When I was in Japan, one of the techniques we worked with was Katazome. We were privileged to do so in Mr. Noguchi's study and Bryan Whitehead's workshop.
Katazome is a Japanese method for dyeing fabrics using a resistant paste applied through a wooden spatula. To execute this dyeing resistance technique, a mixture of rice flour is applied on a stencil made with rice paper that has been previously dipped in persimmon juice, which makes it very resistant.
Unfortunately, katazome pasta can only be purchased prepared in Japan. Therefore, when I want to use this technique to design my fabrics, I have to make my own rice paste, after finding the ingredients which are not very easy to find.
Sometimes pigment is added to the rice paste that gives it a hue that makes it easier to work with the stencil when there are several applications.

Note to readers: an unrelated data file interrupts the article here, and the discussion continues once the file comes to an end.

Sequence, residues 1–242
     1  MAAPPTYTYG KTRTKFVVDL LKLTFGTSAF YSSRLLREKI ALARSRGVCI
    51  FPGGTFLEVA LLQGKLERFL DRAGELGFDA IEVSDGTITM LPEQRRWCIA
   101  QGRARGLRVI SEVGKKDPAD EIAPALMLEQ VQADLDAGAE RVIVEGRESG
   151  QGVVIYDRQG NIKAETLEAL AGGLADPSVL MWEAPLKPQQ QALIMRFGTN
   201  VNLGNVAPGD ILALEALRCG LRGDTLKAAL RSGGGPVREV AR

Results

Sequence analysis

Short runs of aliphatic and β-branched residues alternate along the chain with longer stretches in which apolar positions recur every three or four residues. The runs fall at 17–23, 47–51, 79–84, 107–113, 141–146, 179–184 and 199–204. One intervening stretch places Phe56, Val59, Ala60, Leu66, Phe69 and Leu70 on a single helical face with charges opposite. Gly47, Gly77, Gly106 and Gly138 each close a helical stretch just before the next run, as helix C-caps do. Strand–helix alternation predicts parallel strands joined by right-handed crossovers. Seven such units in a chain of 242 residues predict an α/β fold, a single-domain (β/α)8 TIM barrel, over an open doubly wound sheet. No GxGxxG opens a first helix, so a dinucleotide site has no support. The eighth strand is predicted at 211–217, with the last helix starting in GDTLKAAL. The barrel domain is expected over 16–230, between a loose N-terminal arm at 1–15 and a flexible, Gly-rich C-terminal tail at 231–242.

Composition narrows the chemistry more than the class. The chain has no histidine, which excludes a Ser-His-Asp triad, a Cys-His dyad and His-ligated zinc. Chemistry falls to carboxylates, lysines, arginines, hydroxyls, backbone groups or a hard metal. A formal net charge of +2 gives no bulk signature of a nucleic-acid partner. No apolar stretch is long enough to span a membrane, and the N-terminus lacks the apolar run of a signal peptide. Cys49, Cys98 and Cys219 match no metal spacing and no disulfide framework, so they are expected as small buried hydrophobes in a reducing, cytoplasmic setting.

When the rice paste is dry, the fabric is painted by hand or dipped into the indigo vat.
Where the rice paste covers and impregnates the fabric, the indigo will not penetrate the material and will look white. If the fabric is very thin, the white pattern will be seen on both sides of the textile, but if the fabric is thick, the design will be seen only on one side, and the other will be solid indigo. To make the design look from both sides of the fabric, the stencil is matched on both sides, and the rice paste is applied to both sides of the fabric. A truly artistic work, because the stencil has to match on both sides of the fabric.
If the stencil is placed correctly, you could create a large pattern with this technique(several unbroken meters of fabric).
Last week I was working with katazome in my studio, creating ten pieces of fabric with different designs that I plan to use in my future boro projects, such as applique for clothes.
Here are some examples of my katazome works.
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